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Tips and Tricks

TOILET PARTITION – TIPS AND TRICKS

 

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Minimum Copartment Depth – Inswing Door

  • Standard rule for inswing door is add 30’’ (distance form back wall to front of toilet) plus door opening size (edge to edge). This is the minimum toilet compartment depth required for the door to swing into compartment.
  • If compartment is too shallow, you need to increase compartment depth or change to outswing.

Measurement Conventions

  • Compartment widths are wall to wall; wall to centerline of panel; centerline of panel to centerline of panel.
  • Compartment depths are back wall to outside (front edge) of stile.
  • Door opening size – edge to edge

Ceiling Height

  • Elevation for overhead-braced toilet compartments is 85’’ from finished floor to top headrail – need to ensure ceiling height at least 88’’or higher.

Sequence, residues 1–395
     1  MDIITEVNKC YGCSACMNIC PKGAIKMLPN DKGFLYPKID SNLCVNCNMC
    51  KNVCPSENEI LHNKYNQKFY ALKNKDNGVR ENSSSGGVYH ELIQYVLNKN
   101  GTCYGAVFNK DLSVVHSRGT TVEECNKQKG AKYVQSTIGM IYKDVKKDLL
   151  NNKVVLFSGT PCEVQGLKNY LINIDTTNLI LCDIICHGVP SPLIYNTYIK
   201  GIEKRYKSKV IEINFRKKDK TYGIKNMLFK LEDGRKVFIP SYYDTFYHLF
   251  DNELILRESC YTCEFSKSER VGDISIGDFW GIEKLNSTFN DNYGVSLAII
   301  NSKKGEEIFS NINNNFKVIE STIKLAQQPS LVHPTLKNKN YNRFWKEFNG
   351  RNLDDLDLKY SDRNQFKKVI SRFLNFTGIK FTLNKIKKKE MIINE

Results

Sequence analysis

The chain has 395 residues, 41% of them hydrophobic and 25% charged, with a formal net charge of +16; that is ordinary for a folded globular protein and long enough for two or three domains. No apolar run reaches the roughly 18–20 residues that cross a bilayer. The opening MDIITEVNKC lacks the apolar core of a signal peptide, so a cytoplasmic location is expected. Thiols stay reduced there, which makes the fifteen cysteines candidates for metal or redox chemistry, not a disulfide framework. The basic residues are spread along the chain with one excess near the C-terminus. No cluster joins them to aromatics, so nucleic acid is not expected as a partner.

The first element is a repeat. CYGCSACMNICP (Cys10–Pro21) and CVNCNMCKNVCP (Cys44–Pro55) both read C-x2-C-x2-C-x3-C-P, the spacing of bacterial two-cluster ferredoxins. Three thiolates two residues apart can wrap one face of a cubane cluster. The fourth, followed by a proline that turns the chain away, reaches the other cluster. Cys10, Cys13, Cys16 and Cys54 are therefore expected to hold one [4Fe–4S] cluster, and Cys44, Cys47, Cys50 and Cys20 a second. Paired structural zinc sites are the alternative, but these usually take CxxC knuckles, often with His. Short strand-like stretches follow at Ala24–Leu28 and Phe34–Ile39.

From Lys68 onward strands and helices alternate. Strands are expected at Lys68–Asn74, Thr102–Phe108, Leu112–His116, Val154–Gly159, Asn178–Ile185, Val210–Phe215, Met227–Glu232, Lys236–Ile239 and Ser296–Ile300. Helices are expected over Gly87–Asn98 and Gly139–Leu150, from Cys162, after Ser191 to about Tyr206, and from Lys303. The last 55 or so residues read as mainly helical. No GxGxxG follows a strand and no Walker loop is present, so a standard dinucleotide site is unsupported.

• For ceiling-hung or floor-to-ceiling anchored stiles, need to measure ceiling heights from finished floor to finished ceiling.
  • If floor slopes more than 1’’ across front of compartments, provide finished floor-to-ceiling measurements at each stile location in layout.

Wall-to-Wall Measurements

  • When toilet partitions are recessed between two building walls, the critical measurement is the smallest space between walls.
  • Measure wall-to-wall dimensions along the line of the stiles and doors in the toilet compartment (the front).
  • Room treatments that will affect measurement will be:
    • Tile base cove molding
    •  Wainscoting or decorative trim
    •  Wood or other thick baseboard applications
    •  Half-wall tile
    •  If there are existing wall treatments, measure smallest distance (i.e. baseboard to baseboard), note on drawings, and request gaps between stile and wall be kept to a minimum (1/2” is minimum gap, 1” is maximum).

Existing partition configuration and materials

  • Note existing material, color and condition of partitions
  • Try to match existing components and locations where possible – this reducing the amount of “patch and match” required to fill wall brackets and floor anchor holes

Other building conditions that cause problems

  • Baseboard heaters                        
  • Drains
  • Plumbing / pipe runs
  • Windows
  • Support beams
  • Dropped ceilings

 

 

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